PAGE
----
Climate fluctuations correlate with Earth’s movement in orbit and long-term fluctuations in the nature of currents in the ocean.
"Local governments generally prefer the narrative that the region is only in a temporary dry spell and better prospects of water availability lay ahead. Our study has found evidence to the contrary, suggesting that in fact, the future long-term trend based on paleoclimate reconstructions is likely towards diminishing precipitation, with no relief in the form of increased Mediterranean storms, the primary source of annual precipitation to the region, in the foreseeable future," Sevag Mehterian, lead author of the new study and a doctoral student at the University of Miami's Rosenstiel School, said in a news release.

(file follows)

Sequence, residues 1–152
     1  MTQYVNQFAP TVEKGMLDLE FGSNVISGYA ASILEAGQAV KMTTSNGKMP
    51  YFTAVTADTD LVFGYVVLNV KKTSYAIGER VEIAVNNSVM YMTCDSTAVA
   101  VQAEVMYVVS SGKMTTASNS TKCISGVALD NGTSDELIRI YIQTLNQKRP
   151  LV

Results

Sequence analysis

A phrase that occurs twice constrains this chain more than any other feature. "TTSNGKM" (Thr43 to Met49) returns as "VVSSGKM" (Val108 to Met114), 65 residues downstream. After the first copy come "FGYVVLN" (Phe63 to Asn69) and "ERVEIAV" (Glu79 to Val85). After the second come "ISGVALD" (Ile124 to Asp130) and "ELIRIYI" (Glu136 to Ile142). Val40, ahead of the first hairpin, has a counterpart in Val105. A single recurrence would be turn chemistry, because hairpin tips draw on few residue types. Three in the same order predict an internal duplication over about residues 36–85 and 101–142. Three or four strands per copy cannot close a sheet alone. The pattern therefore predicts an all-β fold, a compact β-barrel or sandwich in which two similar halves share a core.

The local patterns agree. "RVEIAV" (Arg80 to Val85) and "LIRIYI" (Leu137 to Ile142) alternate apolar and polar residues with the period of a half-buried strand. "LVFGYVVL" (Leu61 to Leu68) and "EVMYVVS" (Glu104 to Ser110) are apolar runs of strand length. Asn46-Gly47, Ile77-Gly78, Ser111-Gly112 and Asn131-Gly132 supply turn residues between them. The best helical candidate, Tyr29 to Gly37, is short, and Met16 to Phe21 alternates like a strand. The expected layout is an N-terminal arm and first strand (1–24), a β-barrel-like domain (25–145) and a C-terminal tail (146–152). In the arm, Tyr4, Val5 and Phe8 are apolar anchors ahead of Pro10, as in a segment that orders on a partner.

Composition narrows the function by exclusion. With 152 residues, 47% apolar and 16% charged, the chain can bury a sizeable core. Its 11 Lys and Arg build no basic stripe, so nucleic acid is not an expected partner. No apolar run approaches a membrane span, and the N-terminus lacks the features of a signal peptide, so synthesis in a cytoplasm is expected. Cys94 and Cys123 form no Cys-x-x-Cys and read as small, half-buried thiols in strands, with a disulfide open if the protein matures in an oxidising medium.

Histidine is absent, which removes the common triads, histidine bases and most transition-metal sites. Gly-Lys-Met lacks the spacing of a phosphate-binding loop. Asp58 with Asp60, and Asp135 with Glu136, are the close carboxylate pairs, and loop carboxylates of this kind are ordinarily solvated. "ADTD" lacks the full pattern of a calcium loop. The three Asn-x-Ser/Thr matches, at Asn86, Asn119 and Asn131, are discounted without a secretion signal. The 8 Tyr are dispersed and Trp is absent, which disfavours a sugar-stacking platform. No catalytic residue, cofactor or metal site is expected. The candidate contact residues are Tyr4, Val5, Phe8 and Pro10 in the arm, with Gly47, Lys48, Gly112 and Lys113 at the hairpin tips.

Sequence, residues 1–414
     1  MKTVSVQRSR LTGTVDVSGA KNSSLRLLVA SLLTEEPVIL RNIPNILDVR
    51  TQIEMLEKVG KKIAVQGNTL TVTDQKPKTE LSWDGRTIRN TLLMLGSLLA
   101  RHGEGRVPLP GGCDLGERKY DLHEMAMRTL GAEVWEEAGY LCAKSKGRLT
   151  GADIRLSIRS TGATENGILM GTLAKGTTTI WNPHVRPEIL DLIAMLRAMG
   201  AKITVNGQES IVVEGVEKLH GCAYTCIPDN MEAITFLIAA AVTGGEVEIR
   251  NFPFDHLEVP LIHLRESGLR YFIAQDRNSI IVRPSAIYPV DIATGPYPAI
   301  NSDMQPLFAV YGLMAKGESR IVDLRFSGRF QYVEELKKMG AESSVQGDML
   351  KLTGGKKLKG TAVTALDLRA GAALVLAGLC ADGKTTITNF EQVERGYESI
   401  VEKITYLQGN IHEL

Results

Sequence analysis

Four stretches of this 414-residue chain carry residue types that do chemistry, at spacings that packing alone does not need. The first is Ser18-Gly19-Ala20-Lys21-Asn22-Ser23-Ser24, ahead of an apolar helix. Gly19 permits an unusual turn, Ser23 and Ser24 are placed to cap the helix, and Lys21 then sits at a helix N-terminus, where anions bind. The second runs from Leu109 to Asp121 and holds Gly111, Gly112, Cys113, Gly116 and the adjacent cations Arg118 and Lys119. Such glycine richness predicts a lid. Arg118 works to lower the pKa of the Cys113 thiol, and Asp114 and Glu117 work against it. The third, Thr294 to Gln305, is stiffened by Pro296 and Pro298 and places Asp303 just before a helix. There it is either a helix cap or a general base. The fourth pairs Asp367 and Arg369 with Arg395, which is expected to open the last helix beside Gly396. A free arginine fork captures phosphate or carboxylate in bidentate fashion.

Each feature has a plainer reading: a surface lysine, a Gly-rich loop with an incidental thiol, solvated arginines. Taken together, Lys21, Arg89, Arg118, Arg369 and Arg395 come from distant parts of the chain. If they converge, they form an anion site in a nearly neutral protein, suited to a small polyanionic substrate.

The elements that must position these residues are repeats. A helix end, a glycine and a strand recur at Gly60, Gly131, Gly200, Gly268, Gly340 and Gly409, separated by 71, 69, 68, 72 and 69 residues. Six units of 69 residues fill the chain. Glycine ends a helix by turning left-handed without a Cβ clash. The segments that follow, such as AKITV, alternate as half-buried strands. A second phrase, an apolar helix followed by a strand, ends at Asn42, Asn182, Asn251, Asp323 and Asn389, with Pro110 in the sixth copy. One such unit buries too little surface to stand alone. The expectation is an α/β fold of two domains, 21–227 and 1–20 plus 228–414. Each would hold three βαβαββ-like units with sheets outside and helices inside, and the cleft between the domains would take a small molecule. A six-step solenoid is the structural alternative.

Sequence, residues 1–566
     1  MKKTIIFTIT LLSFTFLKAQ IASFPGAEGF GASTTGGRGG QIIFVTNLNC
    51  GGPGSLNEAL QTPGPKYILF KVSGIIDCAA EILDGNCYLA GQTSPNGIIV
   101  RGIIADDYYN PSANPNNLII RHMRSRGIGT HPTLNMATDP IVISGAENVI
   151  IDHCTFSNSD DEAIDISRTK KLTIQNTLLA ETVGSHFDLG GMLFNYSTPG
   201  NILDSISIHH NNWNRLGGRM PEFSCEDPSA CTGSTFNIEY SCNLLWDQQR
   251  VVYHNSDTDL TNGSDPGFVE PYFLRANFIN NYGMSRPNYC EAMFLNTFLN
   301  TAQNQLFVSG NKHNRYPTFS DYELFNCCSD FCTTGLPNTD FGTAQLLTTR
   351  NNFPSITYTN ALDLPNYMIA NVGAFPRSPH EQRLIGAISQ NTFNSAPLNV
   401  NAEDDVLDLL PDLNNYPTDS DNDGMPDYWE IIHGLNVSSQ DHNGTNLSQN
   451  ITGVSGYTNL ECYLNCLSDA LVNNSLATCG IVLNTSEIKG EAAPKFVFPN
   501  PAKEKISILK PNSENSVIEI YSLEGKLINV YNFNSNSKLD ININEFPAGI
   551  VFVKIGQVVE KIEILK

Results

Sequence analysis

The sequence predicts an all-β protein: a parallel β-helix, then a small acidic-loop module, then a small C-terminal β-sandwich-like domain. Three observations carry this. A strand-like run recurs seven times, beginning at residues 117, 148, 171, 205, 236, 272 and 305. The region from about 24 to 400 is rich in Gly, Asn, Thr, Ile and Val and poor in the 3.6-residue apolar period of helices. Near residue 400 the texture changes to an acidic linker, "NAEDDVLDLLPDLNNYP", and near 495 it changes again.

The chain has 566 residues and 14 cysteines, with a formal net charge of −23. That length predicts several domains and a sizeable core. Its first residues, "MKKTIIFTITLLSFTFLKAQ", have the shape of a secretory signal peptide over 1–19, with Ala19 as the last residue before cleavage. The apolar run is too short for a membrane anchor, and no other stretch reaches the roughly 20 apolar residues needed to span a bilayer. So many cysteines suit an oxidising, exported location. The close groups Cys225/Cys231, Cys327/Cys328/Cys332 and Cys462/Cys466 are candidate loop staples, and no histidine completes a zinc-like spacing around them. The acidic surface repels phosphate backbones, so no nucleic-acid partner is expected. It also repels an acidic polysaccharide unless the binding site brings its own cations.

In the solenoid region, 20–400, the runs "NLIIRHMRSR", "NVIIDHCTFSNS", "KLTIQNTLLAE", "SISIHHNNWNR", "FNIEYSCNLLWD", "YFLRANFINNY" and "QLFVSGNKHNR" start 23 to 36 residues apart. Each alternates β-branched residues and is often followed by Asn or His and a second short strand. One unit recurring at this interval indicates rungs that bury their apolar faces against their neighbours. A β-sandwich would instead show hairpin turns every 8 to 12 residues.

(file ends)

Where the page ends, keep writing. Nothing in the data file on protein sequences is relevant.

Now the Middle East has entered the “dry” phase, which will last for 10,000 years. It means that reprieve from the Middle East's prolonged drought isn't likely to arrive anytime soon.
“We take what we have learned from the past climate and applied it to better understand what to expect moving forward with the current state of the changing global climate,” Ali Pourmand, a marine geoscientist at the University of Miami, and one of the authors said.
A number of climate models previously predicted much of the Middle East will become too hot and dry to sustain large human populations by the end of the century, UPI writes.